Does being a Quaker give you a different perspective on how we can achieve a just energy transition?
Being a Quaker is a core part of my identity and Quakers have been early movers on the key issues of our day (including sustainability and equality). Quaker advocacy for a just energy transition is focused on loss and damage, which is the “third pillar” of climate action alongside mitigation and adaption. Loss and damage is about providing funds to support communities experiencing loss and damage from climate change. Implicit in this is the recognition that climate change is having a disproportionate impact on developing countries and that most of the emissions come from developed countries.
At a more personal level, I know Quakers who have spent time in prison for participating in climate action protests and demonstrations. While I do not agree with the path they have taken, I know that they have sacrificed for their beliefs, and I respect them for the strength of their convictions.
“These are spending time outside. I went to a boarding school near Toronto modelled on the outward-bound ethos (learning though adventure in the outdoors) where there was no indoor gym, so lots of outdoor sports and activities! These days I tend to channel this into road cycling and I’m looking forward to getting involved with the cycling community in Singapore.”
Name one change you have made (or intend to make) in your life in order to be more sustainable
I had coffee with a business contact a few weeks ago and he made the comment that everyone is talking about ESG [Environmental, Social and Governance] and I’m the only one he knows who is actually doing it. What this means is that I have made the positive decision to be part of the climate change solution by working in renewable energy (and not in another sector where sustainability is about making incremental improvements around the edges). I have also made changes in my personal life such as cycling more for transport and choosing 100% renewable energy for our home electricity supply.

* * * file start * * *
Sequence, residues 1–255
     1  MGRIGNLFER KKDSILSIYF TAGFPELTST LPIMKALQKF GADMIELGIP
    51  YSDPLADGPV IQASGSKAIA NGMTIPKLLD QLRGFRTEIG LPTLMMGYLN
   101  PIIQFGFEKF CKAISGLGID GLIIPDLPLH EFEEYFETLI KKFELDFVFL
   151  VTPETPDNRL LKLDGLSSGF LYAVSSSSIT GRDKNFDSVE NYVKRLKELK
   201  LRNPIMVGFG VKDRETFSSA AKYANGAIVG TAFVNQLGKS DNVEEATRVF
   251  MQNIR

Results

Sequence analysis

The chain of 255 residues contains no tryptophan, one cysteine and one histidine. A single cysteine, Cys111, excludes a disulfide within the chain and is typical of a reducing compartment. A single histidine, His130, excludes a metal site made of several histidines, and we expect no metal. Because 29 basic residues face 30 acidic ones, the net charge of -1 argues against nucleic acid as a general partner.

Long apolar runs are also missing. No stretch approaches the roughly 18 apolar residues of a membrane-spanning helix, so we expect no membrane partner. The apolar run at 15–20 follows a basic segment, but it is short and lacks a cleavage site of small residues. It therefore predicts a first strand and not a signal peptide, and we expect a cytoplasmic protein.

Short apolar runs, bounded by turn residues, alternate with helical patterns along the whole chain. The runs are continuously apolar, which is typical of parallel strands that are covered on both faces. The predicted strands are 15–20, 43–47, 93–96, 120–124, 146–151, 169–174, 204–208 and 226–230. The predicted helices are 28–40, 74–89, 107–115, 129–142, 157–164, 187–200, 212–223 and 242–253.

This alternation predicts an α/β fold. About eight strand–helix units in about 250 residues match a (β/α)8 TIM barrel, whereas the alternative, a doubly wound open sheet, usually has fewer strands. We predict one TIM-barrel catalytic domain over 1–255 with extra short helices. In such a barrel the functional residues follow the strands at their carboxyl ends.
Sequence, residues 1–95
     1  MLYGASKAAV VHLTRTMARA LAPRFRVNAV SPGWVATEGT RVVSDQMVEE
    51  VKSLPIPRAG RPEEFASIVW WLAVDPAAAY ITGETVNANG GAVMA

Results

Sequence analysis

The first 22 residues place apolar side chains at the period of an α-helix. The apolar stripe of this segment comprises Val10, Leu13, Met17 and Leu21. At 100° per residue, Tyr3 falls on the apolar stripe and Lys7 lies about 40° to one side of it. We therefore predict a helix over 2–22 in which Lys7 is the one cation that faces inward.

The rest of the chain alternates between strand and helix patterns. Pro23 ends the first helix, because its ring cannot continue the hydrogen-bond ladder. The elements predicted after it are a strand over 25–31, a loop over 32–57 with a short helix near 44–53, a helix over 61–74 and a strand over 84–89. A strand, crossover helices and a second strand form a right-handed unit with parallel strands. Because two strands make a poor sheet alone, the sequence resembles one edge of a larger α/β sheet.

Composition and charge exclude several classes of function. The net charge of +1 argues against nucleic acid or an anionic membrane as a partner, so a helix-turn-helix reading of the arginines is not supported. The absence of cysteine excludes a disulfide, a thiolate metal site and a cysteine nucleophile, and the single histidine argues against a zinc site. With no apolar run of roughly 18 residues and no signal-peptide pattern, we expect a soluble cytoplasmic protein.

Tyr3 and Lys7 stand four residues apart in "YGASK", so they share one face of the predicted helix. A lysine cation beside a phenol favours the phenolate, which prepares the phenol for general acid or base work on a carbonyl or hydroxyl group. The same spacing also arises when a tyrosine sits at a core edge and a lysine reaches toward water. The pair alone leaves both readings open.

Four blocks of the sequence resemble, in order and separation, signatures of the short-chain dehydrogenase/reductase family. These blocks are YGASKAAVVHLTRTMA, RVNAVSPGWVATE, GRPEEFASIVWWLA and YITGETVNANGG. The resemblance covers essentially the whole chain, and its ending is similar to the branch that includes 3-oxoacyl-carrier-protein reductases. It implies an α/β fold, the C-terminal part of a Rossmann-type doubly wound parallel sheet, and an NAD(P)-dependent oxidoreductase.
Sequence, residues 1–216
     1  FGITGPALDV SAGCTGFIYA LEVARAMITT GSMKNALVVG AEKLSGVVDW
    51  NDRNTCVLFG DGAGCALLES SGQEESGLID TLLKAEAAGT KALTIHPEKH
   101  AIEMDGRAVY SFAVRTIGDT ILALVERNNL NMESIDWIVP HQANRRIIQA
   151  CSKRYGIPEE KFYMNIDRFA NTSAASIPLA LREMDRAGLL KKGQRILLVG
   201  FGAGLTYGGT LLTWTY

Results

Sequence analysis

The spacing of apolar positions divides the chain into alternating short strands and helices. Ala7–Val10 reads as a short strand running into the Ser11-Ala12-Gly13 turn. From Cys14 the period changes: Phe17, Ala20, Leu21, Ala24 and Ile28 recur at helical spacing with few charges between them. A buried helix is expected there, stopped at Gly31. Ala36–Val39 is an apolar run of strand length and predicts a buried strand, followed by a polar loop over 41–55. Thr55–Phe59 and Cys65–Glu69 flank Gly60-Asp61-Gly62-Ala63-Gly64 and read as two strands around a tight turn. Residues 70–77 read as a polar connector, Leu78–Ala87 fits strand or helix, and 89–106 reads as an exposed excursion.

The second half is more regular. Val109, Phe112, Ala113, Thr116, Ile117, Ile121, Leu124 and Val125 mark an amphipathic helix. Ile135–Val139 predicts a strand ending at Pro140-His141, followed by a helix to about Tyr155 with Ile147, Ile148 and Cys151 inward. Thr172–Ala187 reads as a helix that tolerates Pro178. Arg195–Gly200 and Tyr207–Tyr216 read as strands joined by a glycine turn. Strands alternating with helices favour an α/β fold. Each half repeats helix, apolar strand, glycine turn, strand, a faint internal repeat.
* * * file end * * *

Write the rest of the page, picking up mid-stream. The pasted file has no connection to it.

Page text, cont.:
“To play the electric guitar as well as Jimi Hendrix. One of my most valued possessions is a vintage Gibson Les Paul that my family gave me when they realised I loved playing. I really like heavy metal, which may surprise people. I began to take lessons with my eldest son when he was seven. He is now 23 and performs and writes his own music, and I’m still plodding along mastering riffs and trying not to disturb the neighbours.”
“Sing. I was in the school choir until my voice changed and I was then kicked out. Apparently, I was so bad that my next younger brother wasn’t even allowed to audition!”
You’re no stranger to high-pressure roles, so how do you maintain a healthy work/life balance?
I’m not sure I get this one right, although I do recommended things such as cycling for exercise, reading widely and some meditation.
Most important for me – and this is my lesson from the pandemic – is the importance of family and friends. We are social animals and human interaction is incredibly important for health and happiness.
You have oversight of ethics compliance in our APAC business. Have there been times in your life when doing the right thing has meant hard decisions?
Yes, I resigned from one job because I did not feel comfortable with the direction of travel. This created uncertainty in my career trajectory but fortunately my next employer valued the choice that I had made. These decisions are judged with hindsight, and it is important to act on your values and do the right thing.